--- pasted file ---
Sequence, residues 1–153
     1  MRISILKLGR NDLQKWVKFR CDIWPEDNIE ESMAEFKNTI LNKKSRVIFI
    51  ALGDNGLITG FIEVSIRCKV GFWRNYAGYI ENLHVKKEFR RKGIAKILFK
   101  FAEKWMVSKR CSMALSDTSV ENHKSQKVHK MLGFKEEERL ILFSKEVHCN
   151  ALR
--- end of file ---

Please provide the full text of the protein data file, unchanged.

Sequence, residues 1–153
     1  MRISILKLGR NDLQKWVKFR CDIWPEDNIE ESMAEFKNTI LNKKSRVIFI
    51  ALGDNGLITG FIEVSIRCKV GFWRNYAGYI ENLHVKKEFR RKGIAKILFK
   101  FAEKWMVSKR CSMALSDTSV ENHKSQKVHK MLGFKEEERL ILFSKEVHCN
   151  ALR